I’ve just returned from the national Catholic Worker gathering in Worcester, Massachusetts, which celebrated the Mustard Seed Catholic Worker’s fiftieth anniversary. For an old guy like me, I got to see people I have not seen in years, many of them faith mentors who have had a major influence on me and who I have become.
One of the most significant of these is Liz McAlister, wife of Phil Berrigan and mentor to several generations of peacemakers, who I actually saw before the gathering.
My first night out of Des Moines I spent with my brother Tom, who lives just outside of Chicago. My brother Joe graciously drove me. We picked up some folks I’ve known since the 1980s: Mike Miles, Barb Kass, and Al Zook, meeting them at their Anathoth Catholic Worker Farm in Luck, Wisconsin. My ride to the East Coast was a great little reunion!
The next day, Mike, Barb, Al, and I headed to New London, Connecticut to visit Liz McAlister. She was the wife of Phil Berrigan and mentor to several generations of peacemakers, and she made a particularly significant impact on my life. We spent two nights hosted by Frida and Kate, Liz’s daughters. Liz is living in a memory unit in a local nursing home. It’s a beautiful place right along the river. Ironically, finished nuclear-capable Trident submarines sail along the river from the nearby GE plant to the Navy base on the coast. Both the plant and base have been the site of numerous protests over the years, many of which Liz attended.
It’s never easy to see a loved one, especially a mentor like Liz, so diminished in her physical and mental capacities. Still, Liz has not lost her good and welcoming spirit. She’s getting the best of care. Her daughters make sure of that.
My best moment for the whole trip was with Liz, when we prayed together outdoors and considered the readings of the day with personal reflections. When Liz spoke she was clear and insightful, though she seemed to be talking to a different crowd from one thought to the next. It brought to mind the morning community prayer time at Jonah House. I remember once telling Bishop Dingman the most impressive thing I found at Jonah House was the community’s daily reading of scriptures and prayer.
After our visit with Liz we headed for Worcester and the National Gathering. As soon as we hit the parking lot of Blessed Sacrament Parish, I started connecting with Catholic Workers I had not seen for years. One of the first I saw was Phil Runkle, our beloved, retired Catholic Worker archivist from Marquette University in Milwaukee. We talked about our mothers, who had met and become friends at Sugar Creek retreat years back! I also connected with Vince Eirene from the Pittsburgh Worker. Last year I celebrated Vince’s seventieth birthday with his friends in Pittsburgh. He’s still kicking and still offering hospitality at this house.
We spent the first night at Blessed Sacrament with a banquet meal, followed by a night program and OPEN BAR!!! During the opening prayer led by Michael Boover, one of the founders of Mustard Seed, people were asked to remember our own Norman Searah. I had told Michael of Norman’s condition earlier.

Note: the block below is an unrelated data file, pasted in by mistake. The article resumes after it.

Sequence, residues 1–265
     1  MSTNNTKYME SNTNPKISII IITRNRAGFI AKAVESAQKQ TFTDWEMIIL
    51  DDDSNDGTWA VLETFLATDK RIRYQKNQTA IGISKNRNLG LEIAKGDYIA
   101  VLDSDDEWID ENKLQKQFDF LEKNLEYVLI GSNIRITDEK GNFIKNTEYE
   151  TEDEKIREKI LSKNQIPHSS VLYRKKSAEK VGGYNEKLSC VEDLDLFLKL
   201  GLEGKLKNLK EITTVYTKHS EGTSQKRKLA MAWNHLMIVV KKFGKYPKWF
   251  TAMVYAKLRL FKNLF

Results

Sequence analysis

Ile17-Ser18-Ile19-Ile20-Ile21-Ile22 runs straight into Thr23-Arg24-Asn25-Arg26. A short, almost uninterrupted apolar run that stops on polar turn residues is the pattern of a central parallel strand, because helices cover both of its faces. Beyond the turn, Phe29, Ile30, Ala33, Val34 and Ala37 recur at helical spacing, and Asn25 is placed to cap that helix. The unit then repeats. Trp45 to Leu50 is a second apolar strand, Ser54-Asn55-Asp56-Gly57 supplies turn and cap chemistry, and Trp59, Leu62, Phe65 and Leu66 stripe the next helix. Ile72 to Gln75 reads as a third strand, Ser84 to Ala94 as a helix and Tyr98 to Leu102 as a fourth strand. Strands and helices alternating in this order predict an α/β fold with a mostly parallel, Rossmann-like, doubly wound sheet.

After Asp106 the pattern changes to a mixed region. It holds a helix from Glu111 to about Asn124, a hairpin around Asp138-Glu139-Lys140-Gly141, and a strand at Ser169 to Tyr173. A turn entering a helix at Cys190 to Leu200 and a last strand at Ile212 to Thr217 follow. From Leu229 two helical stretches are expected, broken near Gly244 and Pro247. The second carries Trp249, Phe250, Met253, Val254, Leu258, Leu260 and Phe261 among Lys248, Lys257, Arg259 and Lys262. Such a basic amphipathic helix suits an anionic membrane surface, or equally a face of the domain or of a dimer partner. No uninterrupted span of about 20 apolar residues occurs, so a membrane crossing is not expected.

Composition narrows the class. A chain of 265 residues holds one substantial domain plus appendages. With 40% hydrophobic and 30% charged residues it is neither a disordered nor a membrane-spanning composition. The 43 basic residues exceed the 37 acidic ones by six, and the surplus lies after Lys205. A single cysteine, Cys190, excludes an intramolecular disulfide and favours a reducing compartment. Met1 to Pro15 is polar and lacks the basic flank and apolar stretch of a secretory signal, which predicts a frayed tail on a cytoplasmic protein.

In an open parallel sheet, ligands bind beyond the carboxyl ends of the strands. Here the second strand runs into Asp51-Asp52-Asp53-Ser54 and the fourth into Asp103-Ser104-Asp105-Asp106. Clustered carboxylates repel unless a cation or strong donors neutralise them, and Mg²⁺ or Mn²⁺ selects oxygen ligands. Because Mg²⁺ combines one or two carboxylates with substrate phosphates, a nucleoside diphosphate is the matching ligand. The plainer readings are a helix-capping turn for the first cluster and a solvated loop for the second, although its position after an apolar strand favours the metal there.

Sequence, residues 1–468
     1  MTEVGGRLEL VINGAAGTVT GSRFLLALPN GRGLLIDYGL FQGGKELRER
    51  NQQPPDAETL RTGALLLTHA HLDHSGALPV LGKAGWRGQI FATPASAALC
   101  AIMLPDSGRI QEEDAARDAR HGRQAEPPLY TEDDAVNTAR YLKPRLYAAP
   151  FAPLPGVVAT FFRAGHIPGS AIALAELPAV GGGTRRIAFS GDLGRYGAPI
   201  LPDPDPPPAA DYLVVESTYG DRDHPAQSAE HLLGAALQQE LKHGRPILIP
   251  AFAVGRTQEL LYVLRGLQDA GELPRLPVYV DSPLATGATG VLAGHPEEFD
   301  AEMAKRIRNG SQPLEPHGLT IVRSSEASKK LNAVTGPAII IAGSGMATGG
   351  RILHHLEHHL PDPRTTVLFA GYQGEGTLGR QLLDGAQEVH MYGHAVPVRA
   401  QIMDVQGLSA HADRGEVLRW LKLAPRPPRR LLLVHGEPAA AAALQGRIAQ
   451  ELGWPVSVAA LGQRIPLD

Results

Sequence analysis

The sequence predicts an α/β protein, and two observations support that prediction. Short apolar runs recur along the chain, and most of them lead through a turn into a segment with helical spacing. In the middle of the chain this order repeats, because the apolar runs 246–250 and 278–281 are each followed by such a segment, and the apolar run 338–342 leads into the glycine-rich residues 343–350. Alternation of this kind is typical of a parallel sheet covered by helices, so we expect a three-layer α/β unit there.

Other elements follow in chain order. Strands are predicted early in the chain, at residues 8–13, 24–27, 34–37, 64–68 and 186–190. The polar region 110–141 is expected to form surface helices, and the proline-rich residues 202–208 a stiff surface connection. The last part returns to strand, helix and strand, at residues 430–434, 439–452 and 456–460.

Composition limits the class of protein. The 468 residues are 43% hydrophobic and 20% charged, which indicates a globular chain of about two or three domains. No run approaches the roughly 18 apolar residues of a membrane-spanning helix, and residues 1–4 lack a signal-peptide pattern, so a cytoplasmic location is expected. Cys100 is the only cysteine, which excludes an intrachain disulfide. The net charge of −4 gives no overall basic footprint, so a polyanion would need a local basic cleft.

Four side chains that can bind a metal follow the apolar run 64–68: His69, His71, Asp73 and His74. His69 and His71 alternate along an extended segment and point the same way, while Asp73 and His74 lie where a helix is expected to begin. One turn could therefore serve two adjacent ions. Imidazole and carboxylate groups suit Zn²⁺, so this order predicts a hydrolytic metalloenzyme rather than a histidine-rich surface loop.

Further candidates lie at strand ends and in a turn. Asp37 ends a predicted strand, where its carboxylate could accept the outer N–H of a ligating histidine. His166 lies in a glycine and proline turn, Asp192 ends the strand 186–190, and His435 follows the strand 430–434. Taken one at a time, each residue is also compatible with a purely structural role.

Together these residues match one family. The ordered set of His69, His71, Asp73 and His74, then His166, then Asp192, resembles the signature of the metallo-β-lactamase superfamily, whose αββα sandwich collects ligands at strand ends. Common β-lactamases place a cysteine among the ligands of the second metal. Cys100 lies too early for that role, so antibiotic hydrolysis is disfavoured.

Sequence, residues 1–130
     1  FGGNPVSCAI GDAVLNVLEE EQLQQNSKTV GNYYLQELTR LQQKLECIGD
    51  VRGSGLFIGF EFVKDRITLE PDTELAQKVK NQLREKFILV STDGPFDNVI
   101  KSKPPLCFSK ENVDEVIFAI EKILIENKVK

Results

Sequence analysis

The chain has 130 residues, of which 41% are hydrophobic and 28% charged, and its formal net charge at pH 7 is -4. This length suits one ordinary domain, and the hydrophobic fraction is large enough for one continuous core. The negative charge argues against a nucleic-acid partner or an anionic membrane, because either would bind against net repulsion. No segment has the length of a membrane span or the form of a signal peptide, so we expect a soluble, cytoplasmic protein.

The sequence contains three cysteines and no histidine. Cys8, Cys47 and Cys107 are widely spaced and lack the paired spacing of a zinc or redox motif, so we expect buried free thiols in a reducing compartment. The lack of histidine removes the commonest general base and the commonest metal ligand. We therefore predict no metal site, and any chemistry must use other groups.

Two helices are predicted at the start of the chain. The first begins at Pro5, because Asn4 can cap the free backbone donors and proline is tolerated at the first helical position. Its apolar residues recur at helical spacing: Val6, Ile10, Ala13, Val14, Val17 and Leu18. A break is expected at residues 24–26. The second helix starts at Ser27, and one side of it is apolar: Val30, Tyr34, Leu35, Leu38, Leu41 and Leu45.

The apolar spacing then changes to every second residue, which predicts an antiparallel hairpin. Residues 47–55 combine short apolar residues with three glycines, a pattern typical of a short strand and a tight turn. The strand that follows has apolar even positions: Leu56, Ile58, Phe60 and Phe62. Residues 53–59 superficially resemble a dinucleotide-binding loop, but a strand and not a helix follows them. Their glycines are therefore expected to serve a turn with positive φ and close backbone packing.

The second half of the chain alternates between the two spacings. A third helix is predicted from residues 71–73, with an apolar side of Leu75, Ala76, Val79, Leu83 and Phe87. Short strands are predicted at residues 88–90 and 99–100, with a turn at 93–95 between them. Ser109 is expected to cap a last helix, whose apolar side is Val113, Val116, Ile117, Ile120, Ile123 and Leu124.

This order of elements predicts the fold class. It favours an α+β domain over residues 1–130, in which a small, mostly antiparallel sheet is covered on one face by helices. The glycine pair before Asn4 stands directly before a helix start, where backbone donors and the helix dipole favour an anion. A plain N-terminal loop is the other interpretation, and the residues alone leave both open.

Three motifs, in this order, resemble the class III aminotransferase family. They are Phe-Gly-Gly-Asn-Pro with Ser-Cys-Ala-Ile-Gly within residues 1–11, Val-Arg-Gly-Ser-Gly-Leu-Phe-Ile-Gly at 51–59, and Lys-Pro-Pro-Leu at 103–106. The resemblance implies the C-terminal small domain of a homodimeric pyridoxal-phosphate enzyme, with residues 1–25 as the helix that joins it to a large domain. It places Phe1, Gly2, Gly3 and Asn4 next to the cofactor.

Michael told the crowd that Norman was one of Mustard Seed’s first dishwashers fifty years ago!
Everywhere I turned that first night, there was someone I knew personally and with whom I could reconnect. When the program started, I sat down at a table with Steve Jacobs of the Colombia, Missouri Worker House. I turned to my left and there was John Schuchardt! John got arrested with Steve and me at the Pentagon on August 9, 1977, my first arrest! I also reconnected with Claire Lewandowski and Ma Wilson, recent volunteers at the Des Moines Worker who stayed a month with us. The whole night was like that.
Saturday was filled with plenary sessions and workshops. No way can I share all that happened. My only regret is that I could not attend all of the workshops. There were only two workshop sessions scheduled, which meant you can only attend two. Because I was presenting a workshop, I was ultimately only able to attend one.
I went to the “Catholic Worker and the Catholic Church’’ workshop led by Rosalie Riegle and Amanda Daloisio. There were about thirty people attending the workshop, and we had only enough time for everyone in the circle to say something. And just like the Catholic Worker movement and the larger United States Catholic Church, every point of view was represented.
I was the second to the last to share. I gave a brief overview of the Des Moines Worker evolving history with our local Bishops, Diocese, and larger Church. I shared that we are now an ecumenical, interfaith, non-denominational, anarchist Catholic Worker. I expanded that we are currently seeking ways to lift an official church ban on celebrating mass at the house, courtesy of the local Bishop and Priest Council. This ban is their reaction to the fact that we had a woman celebrate mass at our fortieth anniversary. Go figure!
My workshop was titled “Jessica Reznicek and Ruby Montoya’s Witness against the Dakota Access Pipeline.” In it, I tried to place Jess and Ruby’s Witness in the context of the Catholic Worker and Plowshares movements by telling the story of how Jess and Ruby came to do their actions as members of the Des Moines Catholic Worker. I gave an overview of their five-year saga between witness and prison. I covered directly Ruby’s betrayal of Jess, plus the need to address the domestic terrorism enhancements in their sentencing.